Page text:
The first estimate of plastic afloat on the global oceans is a “highly conservative” 5.25 trillion pieces. This is according to an article on the website www.stuff.co.nz.
The article goes on to explain that the count, which only measures surface-floating plastic, finds its total mass would weigh around 268,940 tonnes – though the vast majority of pieces are smaller than a grain of rice. Spinning out of gyres – rotating ocean currents that act as shredders – tiny plastic has reached all the world’s oceans.
Many studies have found plastics kill or injure marine life. Turtles mistake plastic bags for jelly fish, seals tangle in straps and nets, seabirds and fish eat fragments thinking them prey.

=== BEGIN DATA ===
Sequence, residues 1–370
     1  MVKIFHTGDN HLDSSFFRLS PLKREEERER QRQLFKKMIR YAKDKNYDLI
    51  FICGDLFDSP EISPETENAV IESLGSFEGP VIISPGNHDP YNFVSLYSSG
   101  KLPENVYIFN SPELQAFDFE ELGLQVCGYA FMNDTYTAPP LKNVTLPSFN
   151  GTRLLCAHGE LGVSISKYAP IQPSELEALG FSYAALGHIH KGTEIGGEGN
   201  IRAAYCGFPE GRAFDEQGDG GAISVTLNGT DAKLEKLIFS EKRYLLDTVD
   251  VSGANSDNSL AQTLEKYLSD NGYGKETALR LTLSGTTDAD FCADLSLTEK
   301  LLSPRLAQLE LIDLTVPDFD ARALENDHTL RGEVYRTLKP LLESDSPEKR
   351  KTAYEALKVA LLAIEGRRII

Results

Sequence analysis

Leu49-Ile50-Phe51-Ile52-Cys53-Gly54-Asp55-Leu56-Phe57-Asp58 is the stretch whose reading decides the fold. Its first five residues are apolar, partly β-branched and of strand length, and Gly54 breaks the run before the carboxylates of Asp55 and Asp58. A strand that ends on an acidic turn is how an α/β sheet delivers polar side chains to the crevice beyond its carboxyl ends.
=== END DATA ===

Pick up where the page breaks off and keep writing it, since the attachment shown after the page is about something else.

The UN Environment Program calculates the total natural capital cost to marine ecosystems of plastic littering at $13 billion per year.
Julia Reisser, of the University of Western Australia, said microplastics were very common in our waters – even though they lie outside the great gyres where “garbage patches” of plastic concentrate.
“We identified the Indian Ocean as the major source of plastics in the region, with the load coming from the coastal populations and shipping,” Ms Reisser said.
The trade organisation, Plastics Europe, reported 288 million tonnes of plastic was made worldwide in 2012, meaning the sea surface weight was only 0.1 per cent of annual production.
For more information go to: http://www.stuff.co.nz/environment/64066718/ocean-plastic-count-in-the-trillions